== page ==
READINGS for 2007-09-16
GOD HAS NO SLIPPERS
But for that very reason I was shown mercy so that in me, the worst of sinners, Christ Jesus might display his unlimited patience as an example for those who would believe in him and receive eternal life. – 1 Timothy 1:16
Solemnly, our whole family trooped to the sala and gathered around the table. Prominently displayed there was Papa’s slipper. Papa then beckoned my sister to bend over the low table and proclaimed, “Remember, this is what will happen to anyone who disobeys.” Down came his hand bearing the dreaded slipper.
Ouch! Just watching it was painful and I guess I learned the lesson not to eat street food, especially fishball. Another sister contracted hepatitis A but that was not enough deterrent for us. Papa had lost patience trying to reprimand us and devised a method that was more effective.
I know God also uses sinners to set an example. Luckily for us, He doesn’t achieve His goals by issuing harsh punishments.
Instead, He goes to the other extreme — by showing mercy and forgiving even the worst of sinners. I’d say it’s more effective, because I’m forever changed into a more forgiving and loving person since becoming a Christian, but I still find myself indulging in fishballs from time to time.
Psst, don’t tell my Papa, okay? Cecille L.
Have you allowed God to use you as an example to others?
Keep me by Your side, Lord, and use me.
It is not necessary to literally make an idol and worship it as the Israelites did in the desert in order to apostasize. The whole process can take place within our hearts and never become a physical manifestation. The world of today has many idols that we need to avoid including money, the cult of the body-beautiful, any number of material things such as cars and houses etc. as well as pseudo-spiritual movements that tend to exalt the individual at the expense of God.
7 The LORD said to Moses,“Go down at once to your people, whom you brought out of the land of Egypt, for they have become depraved. 8 They have soon turned aside from the way I pointed out to them, making for themselves a molten calf and worshipping it, sacrificing to it and crying out, ‘This is your God, O Israel, who brought you out of the land of Egypt!’ 9 I see how stiff-necked this people is,” continued the LORD to Moses. 10 “Let me alone, then, that my wrath may blaze up against them to consume them. Then I will make of you a great nation.” 11 But Moses implored the LORD, his God, saying, “Why, O LORD, should your wrath blaze up against your own people, whom you brought out of the land of Egypt with such great power and with so strong a hand? 13 Remember your servants Abraham, Isaac and Israel, and how you swore to them by your own self, saying, ‘I will make your descendants as numerous as the stars in the sky; and all this land that I promised, I will give your descendants as their perpetual heritage.’ 14 So the LORD relented in the punishment he had threatened to inflict on his people.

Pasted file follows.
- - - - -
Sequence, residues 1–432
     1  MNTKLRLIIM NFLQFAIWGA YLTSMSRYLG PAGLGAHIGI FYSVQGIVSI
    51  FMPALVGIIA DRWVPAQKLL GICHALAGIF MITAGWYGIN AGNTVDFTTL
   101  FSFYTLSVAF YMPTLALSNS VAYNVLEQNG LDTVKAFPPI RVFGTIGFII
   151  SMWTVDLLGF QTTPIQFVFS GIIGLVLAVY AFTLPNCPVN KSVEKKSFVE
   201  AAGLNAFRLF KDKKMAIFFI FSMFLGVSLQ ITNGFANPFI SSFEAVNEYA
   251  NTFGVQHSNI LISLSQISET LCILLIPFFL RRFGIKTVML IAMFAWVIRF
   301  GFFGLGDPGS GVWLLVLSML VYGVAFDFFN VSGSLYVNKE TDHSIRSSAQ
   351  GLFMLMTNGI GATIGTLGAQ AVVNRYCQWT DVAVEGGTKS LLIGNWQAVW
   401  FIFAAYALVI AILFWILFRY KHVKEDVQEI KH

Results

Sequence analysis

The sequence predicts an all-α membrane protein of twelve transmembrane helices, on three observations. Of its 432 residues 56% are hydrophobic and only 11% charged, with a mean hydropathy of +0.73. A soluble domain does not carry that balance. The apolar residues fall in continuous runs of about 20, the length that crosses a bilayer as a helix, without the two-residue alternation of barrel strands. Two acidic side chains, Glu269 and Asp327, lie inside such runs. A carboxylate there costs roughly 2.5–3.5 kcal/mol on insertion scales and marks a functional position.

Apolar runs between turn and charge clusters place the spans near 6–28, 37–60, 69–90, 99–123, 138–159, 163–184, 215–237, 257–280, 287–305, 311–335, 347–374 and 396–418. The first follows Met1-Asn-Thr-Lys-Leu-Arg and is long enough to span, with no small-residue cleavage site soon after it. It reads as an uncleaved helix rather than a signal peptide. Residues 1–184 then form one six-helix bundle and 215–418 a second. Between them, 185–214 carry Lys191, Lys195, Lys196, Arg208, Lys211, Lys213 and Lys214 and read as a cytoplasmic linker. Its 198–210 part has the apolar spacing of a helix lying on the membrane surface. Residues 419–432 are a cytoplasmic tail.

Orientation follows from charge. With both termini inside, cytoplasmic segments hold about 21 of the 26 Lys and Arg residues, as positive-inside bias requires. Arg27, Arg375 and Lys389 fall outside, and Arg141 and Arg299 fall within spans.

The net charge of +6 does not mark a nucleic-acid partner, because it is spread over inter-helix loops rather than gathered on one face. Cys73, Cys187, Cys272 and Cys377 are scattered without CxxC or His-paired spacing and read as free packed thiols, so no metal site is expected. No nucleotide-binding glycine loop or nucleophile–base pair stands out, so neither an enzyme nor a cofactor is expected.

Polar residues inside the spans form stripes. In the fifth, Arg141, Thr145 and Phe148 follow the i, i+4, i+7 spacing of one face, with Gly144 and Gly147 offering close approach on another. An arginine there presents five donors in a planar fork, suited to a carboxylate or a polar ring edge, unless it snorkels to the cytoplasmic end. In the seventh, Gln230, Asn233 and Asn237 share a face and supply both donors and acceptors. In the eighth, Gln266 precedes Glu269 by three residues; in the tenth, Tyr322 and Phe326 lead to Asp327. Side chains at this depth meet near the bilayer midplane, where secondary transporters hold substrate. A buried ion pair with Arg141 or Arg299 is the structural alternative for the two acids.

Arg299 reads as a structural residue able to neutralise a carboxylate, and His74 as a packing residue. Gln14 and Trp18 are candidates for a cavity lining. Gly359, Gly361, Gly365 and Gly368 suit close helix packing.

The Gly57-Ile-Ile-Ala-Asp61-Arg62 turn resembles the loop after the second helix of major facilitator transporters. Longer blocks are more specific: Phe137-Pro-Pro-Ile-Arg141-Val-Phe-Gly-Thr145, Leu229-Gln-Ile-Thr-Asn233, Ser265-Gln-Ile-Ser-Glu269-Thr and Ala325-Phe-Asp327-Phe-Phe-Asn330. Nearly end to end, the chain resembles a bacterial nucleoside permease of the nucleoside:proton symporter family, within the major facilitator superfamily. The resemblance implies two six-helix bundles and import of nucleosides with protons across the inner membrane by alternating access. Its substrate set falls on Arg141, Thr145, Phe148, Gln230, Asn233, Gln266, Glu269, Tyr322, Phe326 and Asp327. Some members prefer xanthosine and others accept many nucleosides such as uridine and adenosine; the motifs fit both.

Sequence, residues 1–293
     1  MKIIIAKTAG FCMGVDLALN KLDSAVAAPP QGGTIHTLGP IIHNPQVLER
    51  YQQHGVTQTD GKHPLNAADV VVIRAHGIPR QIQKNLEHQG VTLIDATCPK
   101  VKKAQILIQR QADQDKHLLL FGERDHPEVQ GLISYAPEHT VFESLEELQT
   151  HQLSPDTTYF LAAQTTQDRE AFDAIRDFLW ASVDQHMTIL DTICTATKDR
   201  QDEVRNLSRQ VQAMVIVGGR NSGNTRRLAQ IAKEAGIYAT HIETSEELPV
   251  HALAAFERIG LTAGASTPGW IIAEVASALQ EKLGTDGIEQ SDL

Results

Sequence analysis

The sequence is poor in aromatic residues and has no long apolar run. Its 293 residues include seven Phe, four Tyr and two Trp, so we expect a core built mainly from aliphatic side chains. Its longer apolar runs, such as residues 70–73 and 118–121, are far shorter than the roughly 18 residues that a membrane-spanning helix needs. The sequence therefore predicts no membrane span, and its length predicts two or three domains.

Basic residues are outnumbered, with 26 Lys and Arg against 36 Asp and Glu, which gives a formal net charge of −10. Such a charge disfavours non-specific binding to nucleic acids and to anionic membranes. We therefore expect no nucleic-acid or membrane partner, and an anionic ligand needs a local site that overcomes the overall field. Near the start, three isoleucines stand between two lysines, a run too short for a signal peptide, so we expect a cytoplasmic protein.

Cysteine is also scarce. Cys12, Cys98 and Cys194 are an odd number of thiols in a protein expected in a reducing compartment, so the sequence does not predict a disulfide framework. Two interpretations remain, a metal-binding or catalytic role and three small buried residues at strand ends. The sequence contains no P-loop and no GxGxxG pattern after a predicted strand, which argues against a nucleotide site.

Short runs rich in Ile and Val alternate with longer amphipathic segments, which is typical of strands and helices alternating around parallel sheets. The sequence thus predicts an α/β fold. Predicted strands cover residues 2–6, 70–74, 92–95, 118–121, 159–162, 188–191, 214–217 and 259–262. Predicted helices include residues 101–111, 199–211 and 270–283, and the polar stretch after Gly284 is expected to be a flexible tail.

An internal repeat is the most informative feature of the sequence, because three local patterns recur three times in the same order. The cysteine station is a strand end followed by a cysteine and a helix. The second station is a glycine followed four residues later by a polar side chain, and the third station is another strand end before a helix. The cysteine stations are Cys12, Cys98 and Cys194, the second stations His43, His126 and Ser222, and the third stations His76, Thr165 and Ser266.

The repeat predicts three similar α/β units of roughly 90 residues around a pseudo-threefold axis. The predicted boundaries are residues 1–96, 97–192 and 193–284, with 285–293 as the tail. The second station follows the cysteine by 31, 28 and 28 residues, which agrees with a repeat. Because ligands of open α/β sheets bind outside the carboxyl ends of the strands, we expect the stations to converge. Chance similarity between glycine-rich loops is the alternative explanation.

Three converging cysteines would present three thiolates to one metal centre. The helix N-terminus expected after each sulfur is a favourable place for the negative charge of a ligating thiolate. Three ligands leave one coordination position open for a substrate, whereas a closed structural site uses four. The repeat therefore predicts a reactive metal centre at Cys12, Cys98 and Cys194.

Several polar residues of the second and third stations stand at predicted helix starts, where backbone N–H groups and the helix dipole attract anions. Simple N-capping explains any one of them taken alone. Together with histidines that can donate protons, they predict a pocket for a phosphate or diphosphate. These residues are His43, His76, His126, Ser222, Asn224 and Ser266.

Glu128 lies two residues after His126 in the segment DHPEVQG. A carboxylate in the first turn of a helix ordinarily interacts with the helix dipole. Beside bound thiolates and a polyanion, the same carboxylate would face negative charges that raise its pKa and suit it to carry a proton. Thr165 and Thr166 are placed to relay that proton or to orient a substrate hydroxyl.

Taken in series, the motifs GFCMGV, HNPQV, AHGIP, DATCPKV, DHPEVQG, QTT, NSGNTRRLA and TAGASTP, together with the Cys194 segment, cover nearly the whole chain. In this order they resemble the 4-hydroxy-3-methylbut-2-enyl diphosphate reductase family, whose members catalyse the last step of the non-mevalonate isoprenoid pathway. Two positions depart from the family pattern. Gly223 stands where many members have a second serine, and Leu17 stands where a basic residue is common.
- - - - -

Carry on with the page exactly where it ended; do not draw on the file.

P S A L M
Psalm 51:3-4, 12-13, 17, 19
R: I will rise and go to my father.
1  Have mercy on me, O God, in your goodness; in the greatness of your compassion wipe out my offense. 2  Thoroughly wash me from my guilt and of my sin cleanse me. (R) 10  A clean heart create for me, O God, and a steadfast spirit renew within me. 11  Cast me not out from your presence, and your Holy Spirit take not from me. (R) 15  O Lord, open my lips, and my mouth shall proclaim your praise. 17  My sacrifice, O God, is a contrite spirit; a heart contrite and humbled, O God, you will not spurn. (R)
1 Timothy 1:12-17
Paul uses the fact of his dramatic conversion in a very powerful way when he acknowledges his previous errors and encourages others to make the same journey as he did in terms of their faith commitment. Paul knows the power of the Gospel to change a person’s life because he has experienced it. Let us pray for the grace to give God a similar opportunity to work the same sorts of miracles in our own lives. There is no doubt in my mind that this is what God wants to do.